In the first ever sign that the Ministry of Environment and Forests (MoEF) is willing to consider a long-standing demand from the realty industry, Union Environment Minister Prakash Javadekar Friday said “due diligence” would be conducted in the matter of raising the exemption limit for building construction projects that require an environmental nod.
The request was made in a recent missive by Urban Development Minister Venkaiah Naidu to Javadekar. In the letter, the former stressed the need to raise the limit for building projects exempt from seeking environment clearances from the present 20,000 sq metres of built-up area to 50,000 sq metres of built-up area.
Such a dilution of norms would allow more than half of all real estate projects in the country to proceed without a green nod, said sources in the industry.
Addressing the annual conference of the National Real Estate Development Council (NAREDCO) in the national capital Friday, Javadekar, who was sharing the dais with Naidu, said the realty sector’s demand is under consideration by his ministry.
The issue has for long been a bone of contention between the two ministries. A 2006 Environment Impact Assessment notification mandates that all constructions with a built-up area larger than 20,000 sq m and townships over a land area of 50 hectares have to be assessed by the state-level environmental agencies for its impact on the land, water and air quality, aesthetics, vegetation and fauna and socio-economic factors.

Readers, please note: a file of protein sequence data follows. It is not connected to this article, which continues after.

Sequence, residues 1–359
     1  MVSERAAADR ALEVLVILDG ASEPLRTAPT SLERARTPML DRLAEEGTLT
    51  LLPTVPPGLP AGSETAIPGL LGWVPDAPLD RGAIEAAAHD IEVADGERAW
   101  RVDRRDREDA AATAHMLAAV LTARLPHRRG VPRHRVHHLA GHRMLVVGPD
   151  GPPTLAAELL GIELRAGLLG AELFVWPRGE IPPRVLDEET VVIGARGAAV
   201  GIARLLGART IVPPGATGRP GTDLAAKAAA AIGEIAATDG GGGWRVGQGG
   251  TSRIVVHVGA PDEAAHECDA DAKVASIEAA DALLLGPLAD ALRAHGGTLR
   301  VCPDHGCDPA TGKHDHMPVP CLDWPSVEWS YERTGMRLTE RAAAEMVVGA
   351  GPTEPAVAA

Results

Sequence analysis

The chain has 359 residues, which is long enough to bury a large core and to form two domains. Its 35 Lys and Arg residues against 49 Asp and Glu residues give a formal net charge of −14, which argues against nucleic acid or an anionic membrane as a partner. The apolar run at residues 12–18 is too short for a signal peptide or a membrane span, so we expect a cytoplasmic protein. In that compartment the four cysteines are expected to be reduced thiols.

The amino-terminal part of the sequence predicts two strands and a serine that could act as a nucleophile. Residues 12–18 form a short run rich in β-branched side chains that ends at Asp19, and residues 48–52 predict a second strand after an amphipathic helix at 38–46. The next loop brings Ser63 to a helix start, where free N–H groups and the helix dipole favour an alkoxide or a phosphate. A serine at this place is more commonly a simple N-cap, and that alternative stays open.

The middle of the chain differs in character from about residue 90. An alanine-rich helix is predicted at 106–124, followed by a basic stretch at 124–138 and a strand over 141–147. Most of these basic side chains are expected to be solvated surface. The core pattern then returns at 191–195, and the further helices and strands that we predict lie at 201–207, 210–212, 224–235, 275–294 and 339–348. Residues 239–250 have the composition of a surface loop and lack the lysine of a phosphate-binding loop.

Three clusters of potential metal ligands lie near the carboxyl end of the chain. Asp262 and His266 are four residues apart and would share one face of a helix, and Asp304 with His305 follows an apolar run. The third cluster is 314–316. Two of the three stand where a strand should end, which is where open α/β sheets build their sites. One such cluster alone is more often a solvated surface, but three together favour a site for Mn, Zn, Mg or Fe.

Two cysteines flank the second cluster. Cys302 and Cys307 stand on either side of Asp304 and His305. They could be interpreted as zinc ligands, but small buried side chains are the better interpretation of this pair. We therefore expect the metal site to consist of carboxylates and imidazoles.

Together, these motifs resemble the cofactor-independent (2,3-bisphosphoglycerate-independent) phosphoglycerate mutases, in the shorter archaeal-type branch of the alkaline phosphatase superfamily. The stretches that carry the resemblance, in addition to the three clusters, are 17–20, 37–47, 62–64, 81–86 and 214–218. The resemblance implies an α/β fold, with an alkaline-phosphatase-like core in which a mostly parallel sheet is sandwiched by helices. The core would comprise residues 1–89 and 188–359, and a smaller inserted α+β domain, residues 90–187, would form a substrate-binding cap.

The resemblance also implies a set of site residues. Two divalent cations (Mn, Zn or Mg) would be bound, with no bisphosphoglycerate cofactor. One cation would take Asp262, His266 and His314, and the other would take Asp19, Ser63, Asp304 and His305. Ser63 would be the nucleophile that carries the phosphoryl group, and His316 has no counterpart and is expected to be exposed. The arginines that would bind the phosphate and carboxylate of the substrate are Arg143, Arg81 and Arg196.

Naredco as well as several industry bodies have long been pushing to stretch this limit to 50000 sq.m and 100 hectares respectively. In February this year, then housing minister from Congress Girija Vyas wrote to MOEF minister Veerappa Moily asking the latter to increase the threshold limit for environmental clearance to 50,000 sq m at least for affordable housing projects. Blaming the inordinate delays in green clearance as one of the reasons for housing shortage, the letter said “The real estate projects have to suffer huge losses due to cost escalation, time overrun and uncertainty.”
The realty industry has long been lobbying for completely doing away with environmental clearance for real estate projects and instead give the green go-ahead mandate to local urban bodies which issue building permissions. Five years ago, a central government panel under additional environment secretary ruled against easing the norms noting that existing building clearance rules of urban local bodies do not have enough safeguards to ensure environmental compliance and that any such waiver would have an adverse effect on “the surrounding biotic and abiotic environment”.
Assuring developers that there would be regulatory easing as long as they comply with environmental norms without resorting to any “short-cuts”, Javadekar said.
“Unlike one of the former environment ministers who was popular was a no-go minister and another one who imposed taxes, we will co-operate.”